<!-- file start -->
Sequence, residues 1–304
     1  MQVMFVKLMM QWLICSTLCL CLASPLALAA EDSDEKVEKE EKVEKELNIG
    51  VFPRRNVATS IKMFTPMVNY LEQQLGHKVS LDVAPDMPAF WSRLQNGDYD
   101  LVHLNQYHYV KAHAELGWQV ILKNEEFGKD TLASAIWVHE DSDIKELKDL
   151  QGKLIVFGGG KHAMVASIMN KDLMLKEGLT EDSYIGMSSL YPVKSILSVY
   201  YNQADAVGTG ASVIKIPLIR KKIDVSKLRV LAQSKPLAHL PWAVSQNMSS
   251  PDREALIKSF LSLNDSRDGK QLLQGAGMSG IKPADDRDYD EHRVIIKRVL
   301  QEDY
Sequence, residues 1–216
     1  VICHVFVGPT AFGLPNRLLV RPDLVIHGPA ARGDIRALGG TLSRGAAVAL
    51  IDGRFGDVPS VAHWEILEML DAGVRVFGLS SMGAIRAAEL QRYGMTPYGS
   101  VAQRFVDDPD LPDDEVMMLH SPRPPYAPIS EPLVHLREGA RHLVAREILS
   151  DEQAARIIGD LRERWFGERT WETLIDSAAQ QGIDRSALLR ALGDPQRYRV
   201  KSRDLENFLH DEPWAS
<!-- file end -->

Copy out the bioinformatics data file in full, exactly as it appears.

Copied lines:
Sequence, residues 1–304
     1  MQVMFVKLMM QWLICSTLCL CLASPLALAA EDSDEKVEKE EKVEKELNIG
    51  VFPRRNVATS IKMFTPMVNY LEQQLGHKVS LDVAPDMPAF WSRLQNGDYD
   101  LVHLNQYHYV KAHAELGWQV ILKNEEFGKD TLASAIWVHE DSDIKELKDL
   151  QGKLIVFGGG KHAMVASIMN KDLMLKEGLT EDSYIGMSSL YPVKSILSVY
   201  YNQADAVGTG ASVIKIPLIR KKIDVSKLRV LAQSKPLAHL PWAVSQNMSS
   251  PDREALIKSF LSLNDSRDGK QLLQGAGMSG IKPADDRDYD EHRVIIKRVL
   301  QEDY
Sequence, residues 1–216
     1  VICHVFVGPT AFGLPNRLLV RPDLVIHGPA ARGDIRALGG TLSRGAAVAL
    51  IDGRFGDVPS VAHWEILEML DAGVRVFGLS SMGAIRAAEL QRYGMTPYGS
   101  VAQRFVDDPD LPDDEVMMLH SPRPPYAPIS EPLVHLREGA RHLVAREILS
   151  DEQAARIIGD LRERWFGERT WETLIDSAAQ QGIDRSALLR ALGDPQRYRV
   201  KSRDLENFLH DEPWAS